In general, the Assistive Technologies available on the market for people with visual impairments are: computers with software for screen reading using speech synthesizers (Jaws, Virtual Vision and Dosvox); voice feedback applications; scanner for scanning texts; conversion of written text to spoken text (DOC to .MP3, in Portuguese) using the Rob braille service; Mecdaisy that enables spoken digital books; collection of spoken or Braille books in various libraries; headphones for listening to spoken books and texts; Themorform; the soroban; recorders; Perkins Braille typewriter; Regletes; punctures; Braille writing; magnifying glasses and lenses, canes and Braille printers.

Technology is undoubtedly an ally in the inclusion process, especially about the development of Assistive Technologies, in the category of accessibility resources to computing. According to Bersch (2017, p. 4) “the Assistive Technology resources are organized or classified according to the functional objectives they are intended for”, in this journey, the research seeks to improve the functionality of the tactile maps for teaching the listening person with visual impairment becoming relevant, as it promotes the union of the senses of touch and hearing, contributing to the sensory development of students who can use it as a benefit in their teaching and learning process.

The field research met all ethical precepts, as we involved people as participants, we only started the field research after the favorable opinion of the UFF Research Ethics Committee (CEP, 2017), which was submitted to Platform Brazil under the number registration number 71088017.2.0000.5243.

As the first volunteer collaborator in this research, we had Professor Participant 01, professor of Geography at the Benjamin Constant Institute from the sixth to the ninth year, with the signed and agreed consent form. This professor accompanied the researcher throughout the research at IBC and who assisted in the subject of Geography on the characteristics of the Southeast Region of Brazil in his classes and in the production of the experiment.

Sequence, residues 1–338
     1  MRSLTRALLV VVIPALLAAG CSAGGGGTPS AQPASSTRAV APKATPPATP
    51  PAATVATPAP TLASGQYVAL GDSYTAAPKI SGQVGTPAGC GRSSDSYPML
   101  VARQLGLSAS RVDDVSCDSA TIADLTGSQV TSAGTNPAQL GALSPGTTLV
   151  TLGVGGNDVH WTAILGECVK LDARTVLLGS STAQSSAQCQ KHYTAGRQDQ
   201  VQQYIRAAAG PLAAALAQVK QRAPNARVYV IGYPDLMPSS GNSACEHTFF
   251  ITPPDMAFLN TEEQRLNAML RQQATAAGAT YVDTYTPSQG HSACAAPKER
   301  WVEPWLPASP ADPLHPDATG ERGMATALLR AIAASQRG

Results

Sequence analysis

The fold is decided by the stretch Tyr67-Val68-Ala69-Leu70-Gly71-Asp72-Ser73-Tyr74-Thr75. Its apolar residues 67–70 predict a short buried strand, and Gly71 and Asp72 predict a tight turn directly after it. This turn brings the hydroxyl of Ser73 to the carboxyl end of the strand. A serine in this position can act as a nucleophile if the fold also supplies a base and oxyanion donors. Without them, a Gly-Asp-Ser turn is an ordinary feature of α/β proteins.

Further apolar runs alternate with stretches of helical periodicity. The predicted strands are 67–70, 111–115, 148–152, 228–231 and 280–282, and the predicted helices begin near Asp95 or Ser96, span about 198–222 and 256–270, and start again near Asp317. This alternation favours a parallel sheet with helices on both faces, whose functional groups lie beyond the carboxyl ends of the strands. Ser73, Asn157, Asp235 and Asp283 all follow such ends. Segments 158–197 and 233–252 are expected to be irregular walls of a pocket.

3.  The Evolutionary Prototyping of Embedded Computing in Tactile Maps (CEMT)

A prototype aims to anticipate all the functionality of a product desired by its users in the construction of the first version of the prototype and as users interact with this prototype, new requirements are discovered and incorporated into the next versions (Pressman, 2011). The prototyping process ends only when the prototype reaches maturity, that is, when all the needs of its users are met, transforming it into a product ready to be enjoyed by its consumers.

In the conceptualization of the Sommerville prototype (2011, p. 30) it understands to be “an initial version of a software system”, it is used for the presentation of a concept, where in the experimentation of the variations of the project, the problems, and your solutions.

The processes involved in the construction and development of the CEMT as an embedded computer prototype required a significant effort so that the design of its product was easy to use and could meet the needs and expectations of its users.

The first version of the experimental prototype of the CEMT Map was designed and developed using the concept of affordances, Normandi (2016, p.17), with the aim of creating a product design that is easy to use, intuitive and that could save as much as possible the evolutionary prototyping process that was applied in research with IBC (Benjamin Constant Institute) professors and students.

We seek to follow the standards of Silva (2017), Nogueira (2016) and Alexandrakis (2016) related to the size of the map, respecting the concept of tactile field, which is much smaller than the field of vision and the care with the size of tactile symbols and its provision on the CEMT Map.

We also observed the concept of body effort given by Degreas and Katakura (2016) that the tactile maps should not be so large to avoid a greater physical effort than is necessary for the consumer of this map.

Therefore, we seek to find a compromise between the full-size scale of the CEMT Map and a better proportion so that the smaller states could receive sensors, tactile textures, Braille, and ink writing in a less polluted, more pleasant, and accessible way to the student.

In the construction process, we used the concepts addressed by Nogueira (2016) and by Cenci and Bernardi (2016), in the question of the construction of textures, to be well differentiated, safe, pleasant. We applied the technique followed by Oliveira (2016) in the use of acrylic mass in the formation of the texture and tactile symbols very well sanded to eliminate any risk of accident to the user of the CEMT Map.